I had a very pleasant visit with Bro. Will. A. Dougall and his wife, Maria; the latter a daughter of Pres. B. Young. She brought me a beautiful bouquet, which I afterwards gave to typhoid patient, Stoddard of Hooperville. My son Frank called and I had an interesting conversation with him concerning the book I wish written and published concerning the administration of the Edmunds-Tucker law. Afterwards had private conversations with Bro. F. S. Richards and C. H. Wilcken. The latter brought me private word from Jason Mack [(that would be Joseph Kamika [Smith]) concerning the words and actions of Moses [Thatcher], one of the Twelve Apostles. Joseph asked Charles [Wilcken] to inform me about the opposition of Moses who is acting as if he were actually an enemy to me. The words of Moses to W. Woodruff were that he would sue me for dishonesty if I were free in the matter of the pooled stock. This is a great surprise to me. It is God who will enlighten and protect me. God knows who I am and he knows my heart. And I will cry unto him for him to help me. Moses’s opposition has continued against me, and why is that? I did nothing wrong against him.]1 I appeal to the Lord to defend and save me.

I wrenched my knee this morning in bed—the knee that I sprained some years ago and that I hurt when I fell off the train—and I suffer pain in it when I walk.

12 October 1888 • Friday

Friday, Oct. 12/88 Had conversation with Mr. Doyle <the Turnkey> on our principles and bore testimony to him concerning their divine origin. Had a visit from Brothers John Henry Smith and Heber J. Grant. A number of ladies came from town and they were taken through the prison by the Warden. They were accompanied by Brother Charles Burton. Sister Julia Burton, his wife, brought me a very elegant bouquet. They hoped by coming out in this way they would get the privilege of seeing me and they did; for the Warden gave us the privilege of conversing. They were Sister Susan Snively Young, one of President B. Young’s wives, Sister Andrew Moffit of Manti; Sisters Nettie Young Snell, and Nabbie Young Clawson, Julia Young Burton and Birdie Clawson. They expressed great pleasure at meeting me. Bro. Saml H. Hill received the sad news of the death of one of his sons, 11 years old, of dyptheria. He was permitted to go to the funeral services accompanied by a deputy marshal. Bishops Hamilton and P. G. Taylor, the former of Mill Creek Ward, and the latter of Harrisville, were committed to the Penitentiary this afternoon.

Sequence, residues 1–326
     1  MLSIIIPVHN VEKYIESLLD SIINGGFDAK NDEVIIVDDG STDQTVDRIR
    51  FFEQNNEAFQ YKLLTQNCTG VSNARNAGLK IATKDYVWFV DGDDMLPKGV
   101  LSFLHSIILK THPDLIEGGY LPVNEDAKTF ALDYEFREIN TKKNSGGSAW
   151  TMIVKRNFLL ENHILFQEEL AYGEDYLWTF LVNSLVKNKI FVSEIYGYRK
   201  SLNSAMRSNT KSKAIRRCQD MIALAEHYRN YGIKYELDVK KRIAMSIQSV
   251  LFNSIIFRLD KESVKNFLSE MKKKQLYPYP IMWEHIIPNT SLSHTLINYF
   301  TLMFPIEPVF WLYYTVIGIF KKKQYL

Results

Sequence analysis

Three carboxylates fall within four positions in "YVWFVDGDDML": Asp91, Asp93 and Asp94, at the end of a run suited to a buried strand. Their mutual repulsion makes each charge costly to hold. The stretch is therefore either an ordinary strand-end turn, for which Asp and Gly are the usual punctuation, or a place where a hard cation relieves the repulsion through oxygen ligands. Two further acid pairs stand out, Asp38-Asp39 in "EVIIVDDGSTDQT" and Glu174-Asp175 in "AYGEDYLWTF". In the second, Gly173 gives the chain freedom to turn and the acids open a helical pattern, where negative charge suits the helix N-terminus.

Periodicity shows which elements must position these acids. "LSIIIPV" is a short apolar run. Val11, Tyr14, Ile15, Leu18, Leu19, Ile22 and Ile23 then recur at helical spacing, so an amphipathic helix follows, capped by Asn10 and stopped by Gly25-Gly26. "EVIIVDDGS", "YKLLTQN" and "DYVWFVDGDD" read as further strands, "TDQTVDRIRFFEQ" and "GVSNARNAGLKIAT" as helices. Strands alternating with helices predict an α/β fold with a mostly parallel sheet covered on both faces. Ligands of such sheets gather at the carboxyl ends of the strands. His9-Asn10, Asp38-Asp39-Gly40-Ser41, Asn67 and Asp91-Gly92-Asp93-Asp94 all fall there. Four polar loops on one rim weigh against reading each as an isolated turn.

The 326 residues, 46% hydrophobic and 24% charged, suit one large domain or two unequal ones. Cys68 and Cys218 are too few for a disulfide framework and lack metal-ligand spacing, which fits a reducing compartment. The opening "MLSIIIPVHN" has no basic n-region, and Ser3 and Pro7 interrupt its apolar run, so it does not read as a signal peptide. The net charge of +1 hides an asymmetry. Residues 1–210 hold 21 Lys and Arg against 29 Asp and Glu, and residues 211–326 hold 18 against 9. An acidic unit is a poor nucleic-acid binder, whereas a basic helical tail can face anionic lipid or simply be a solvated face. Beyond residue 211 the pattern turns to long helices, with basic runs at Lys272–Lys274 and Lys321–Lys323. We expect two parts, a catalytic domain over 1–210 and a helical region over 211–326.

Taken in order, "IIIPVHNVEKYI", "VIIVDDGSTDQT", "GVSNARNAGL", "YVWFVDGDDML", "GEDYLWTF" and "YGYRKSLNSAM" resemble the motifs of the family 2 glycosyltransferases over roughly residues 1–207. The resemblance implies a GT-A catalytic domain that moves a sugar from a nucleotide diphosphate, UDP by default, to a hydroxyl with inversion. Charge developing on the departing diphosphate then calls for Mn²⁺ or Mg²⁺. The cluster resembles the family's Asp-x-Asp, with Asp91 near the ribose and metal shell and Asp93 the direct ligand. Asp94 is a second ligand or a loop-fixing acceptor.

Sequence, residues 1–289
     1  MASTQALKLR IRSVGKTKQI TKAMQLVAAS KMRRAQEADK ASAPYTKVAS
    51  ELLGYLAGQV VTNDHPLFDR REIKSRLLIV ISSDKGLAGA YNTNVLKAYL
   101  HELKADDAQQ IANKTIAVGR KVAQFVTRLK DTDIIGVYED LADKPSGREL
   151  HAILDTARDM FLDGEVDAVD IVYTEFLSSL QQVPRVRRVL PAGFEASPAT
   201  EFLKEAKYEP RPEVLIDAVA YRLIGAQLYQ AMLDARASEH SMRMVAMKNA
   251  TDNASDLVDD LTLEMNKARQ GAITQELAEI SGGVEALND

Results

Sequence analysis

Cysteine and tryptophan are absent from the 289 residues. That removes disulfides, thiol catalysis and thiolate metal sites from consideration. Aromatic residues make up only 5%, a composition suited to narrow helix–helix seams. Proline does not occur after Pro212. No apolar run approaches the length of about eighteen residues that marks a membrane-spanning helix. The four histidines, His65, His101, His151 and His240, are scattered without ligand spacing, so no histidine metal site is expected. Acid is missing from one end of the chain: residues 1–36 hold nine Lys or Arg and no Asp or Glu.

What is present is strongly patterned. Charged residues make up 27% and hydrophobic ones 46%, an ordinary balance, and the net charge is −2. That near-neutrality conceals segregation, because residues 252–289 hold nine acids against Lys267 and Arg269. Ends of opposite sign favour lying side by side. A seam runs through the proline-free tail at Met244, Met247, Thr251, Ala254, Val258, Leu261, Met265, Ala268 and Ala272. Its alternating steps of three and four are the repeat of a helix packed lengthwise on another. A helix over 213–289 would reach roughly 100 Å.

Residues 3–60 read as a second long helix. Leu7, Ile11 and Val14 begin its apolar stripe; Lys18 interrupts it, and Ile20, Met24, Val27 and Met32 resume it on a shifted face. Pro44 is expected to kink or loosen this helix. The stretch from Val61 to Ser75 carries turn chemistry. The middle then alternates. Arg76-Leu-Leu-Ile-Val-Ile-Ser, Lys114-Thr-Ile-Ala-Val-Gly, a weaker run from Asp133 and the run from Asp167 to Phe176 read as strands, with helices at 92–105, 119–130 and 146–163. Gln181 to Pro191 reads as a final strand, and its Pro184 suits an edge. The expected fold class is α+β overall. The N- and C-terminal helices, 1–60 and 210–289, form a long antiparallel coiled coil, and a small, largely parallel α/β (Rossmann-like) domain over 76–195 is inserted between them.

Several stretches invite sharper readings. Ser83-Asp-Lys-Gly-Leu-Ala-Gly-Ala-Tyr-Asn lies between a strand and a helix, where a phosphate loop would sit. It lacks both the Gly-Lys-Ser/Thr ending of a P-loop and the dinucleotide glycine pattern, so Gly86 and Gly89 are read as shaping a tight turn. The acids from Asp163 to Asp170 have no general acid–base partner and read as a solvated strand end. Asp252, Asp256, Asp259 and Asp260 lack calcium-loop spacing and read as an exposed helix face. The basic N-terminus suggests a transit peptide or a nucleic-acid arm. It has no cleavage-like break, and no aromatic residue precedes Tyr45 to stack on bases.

13–19 October 1888 • Saturday to Friday

Saturday, Oct. 13/88, to Friday, Oct. 19th, 1888. The time has passed pleasantly during these days, the weather has been generally fine, and I have written Editorial Thoughts and Topics of the Times. Bishops E. F. Sheets of the 8th Ward, Salt Lake City and Bishop J. P. R. Johnson and [several lines blank] have come to the Penitentiary. Last evening (Thursday) Dr. O. C. Ormsby and [blank] Nokes and John Irvine were committed to the Prison. On Sunday I held Bible class and was called out to see Brothers F. S. Richards, S. Thurman, Judge Dusenberry and W. H. King of Fillmore. Brother Thurman came to explain his management of the cases of the brethren at Provo, with which I had told Bro. F. S. Richards the brethren who had been sentenced there were much dissatisfied. Brothers Dusenberry and King came to see me about political matters. Mr Putnam preached on Sunday and did better than before. He passed my cell where I stood with several others and he came to me and asked how I was and said I was looking very well. I do not know how he knew me. I have had visitors every day. Brother C. H. Wilcken, my Sons Abraham, who brought Willard, Grace and Brigham; he also came himself the next day, accompanied by Bro. W. C. Spence. Brother Winder called upon me twice. Bro. F. S. Richards called again on Tuesday and Bro. Le Grand Young the evening previous. David and Mary Alice called on Wednesday and Frank and Hugh on Thursday and Brothers James Jack and James Cushing on Friday. I gave Mary Alice an Order on my son Abraham for $20 each quarter of the year. This is the interest of $1,000 which now that she is 21 years of age, that I desire her to have. Her birthday was the 16th inst.